The Arctic Ocean gets so cold that it freezes, forming sea ice. The above picture shows a view of sea ice looking down from space. Can you find Alaska in the picture? Sea ice floats on the surface of the ocean and moves in response to winds and ocean currents. Arctic sea ice is, on average, about 3 meters thick. The ice thickness ranges from as little as a few millimeters in ice that is just forming to as much as tens of meters in places where pieces of ice have crunched together. At its minimum extent in summer the Arctic ice pack covers an area around the size of the United States. In winter, the area of the ice cover increases by about 3 or 4 times the size of Alaska!
Even from space, two important features of the ice pack are visible. First of all, the ice pack is bright, reflecting most of the sunlight that reaches the surface (its albedo is closer to one than to zero). It is also a barrier to ships. Only a special kind of ship can sail in the Arctic Ocean. This kind of ship is called an icebreaker.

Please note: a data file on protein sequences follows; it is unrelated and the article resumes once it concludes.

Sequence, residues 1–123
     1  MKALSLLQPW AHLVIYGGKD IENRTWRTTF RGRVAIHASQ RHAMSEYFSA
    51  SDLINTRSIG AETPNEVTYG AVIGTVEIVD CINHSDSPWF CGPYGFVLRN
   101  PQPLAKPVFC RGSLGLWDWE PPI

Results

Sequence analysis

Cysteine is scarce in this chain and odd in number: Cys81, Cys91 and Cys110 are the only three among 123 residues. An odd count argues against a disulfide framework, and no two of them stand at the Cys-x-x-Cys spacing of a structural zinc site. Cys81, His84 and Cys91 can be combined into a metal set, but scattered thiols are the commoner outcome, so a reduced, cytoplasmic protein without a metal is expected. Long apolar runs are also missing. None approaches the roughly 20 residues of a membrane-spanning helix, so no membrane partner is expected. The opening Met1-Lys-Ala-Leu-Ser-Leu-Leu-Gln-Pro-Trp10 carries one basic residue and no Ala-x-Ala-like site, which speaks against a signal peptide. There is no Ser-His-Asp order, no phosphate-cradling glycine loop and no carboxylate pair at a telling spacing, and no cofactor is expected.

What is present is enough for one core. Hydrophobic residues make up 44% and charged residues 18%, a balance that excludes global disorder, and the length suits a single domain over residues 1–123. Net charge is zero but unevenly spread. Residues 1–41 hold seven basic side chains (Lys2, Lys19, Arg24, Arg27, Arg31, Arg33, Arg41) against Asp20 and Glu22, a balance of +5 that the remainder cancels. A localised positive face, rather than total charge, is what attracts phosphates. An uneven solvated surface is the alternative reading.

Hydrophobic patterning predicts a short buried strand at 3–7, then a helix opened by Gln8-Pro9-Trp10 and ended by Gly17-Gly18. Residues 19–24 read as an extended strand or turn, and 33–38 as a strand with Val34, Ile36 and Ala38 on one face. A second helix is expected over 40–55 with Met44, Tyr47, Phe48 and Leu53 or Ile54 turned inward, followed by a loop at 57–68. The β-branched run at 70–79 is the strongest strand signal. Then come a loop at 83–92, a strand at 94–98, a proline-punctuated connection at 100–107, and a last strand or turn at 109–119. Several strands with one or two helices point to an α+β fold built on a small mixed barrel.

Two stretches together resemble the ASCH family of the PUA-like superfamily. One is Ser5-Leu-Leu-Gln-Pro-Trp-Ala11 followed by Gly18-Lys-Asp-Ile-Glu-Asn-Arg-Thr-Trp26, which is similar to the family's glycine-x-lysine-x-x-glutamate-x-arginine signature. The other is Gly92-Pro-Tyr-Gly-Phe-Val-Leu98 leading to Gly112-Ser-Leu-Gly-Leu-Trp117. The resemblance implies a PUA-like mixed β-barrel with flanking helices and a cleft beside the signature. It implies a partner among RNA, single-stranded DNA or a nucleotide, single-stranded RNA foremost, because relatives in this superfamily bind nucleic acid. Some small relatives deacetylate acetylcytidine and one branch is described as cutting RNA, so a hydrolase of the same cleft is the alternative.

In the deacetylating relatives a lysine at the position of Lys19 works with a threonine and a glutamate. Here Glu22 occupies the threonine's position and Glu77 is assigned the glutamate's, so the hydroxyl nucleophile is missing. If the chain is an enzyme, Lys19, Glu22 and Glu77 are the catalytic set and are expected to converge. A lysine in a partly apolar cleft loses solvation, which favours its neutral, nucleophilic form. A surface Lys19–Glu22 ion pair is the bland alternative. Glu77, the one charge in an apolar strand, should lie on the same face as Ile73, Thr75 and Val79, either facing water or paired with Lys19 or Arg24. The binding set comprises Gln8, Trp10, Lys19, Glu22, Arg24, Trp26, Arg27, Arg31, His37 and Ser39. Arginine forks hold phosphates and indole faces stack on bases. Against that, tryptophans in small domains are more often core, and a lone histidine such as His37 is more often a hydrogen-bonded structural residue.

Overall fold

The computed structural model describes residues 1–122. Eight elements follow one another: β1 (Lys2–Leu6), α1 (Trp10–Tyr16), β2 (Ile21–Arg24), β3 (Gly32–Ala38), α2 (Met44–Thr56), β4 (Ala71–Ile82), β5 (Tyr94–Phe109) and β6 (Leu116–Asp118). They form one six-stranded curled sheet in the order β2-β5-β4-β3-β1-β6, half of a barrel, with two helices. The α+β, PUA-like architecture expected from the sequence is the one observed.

Let's take a closer look at the ice.
This is a view of Ice Station SHEBA in April 1997. The ice is covered by snow. The bumpy looking areas are pressure ridges where the ice has crunched together.
The ice can break apart, forming leads...
and it can come together, forming ridges!
Sea ice is also found in other cold regions such as the Antarctic, the Bering Sea, the Sea of Okhotsk, and the Labrador Sea.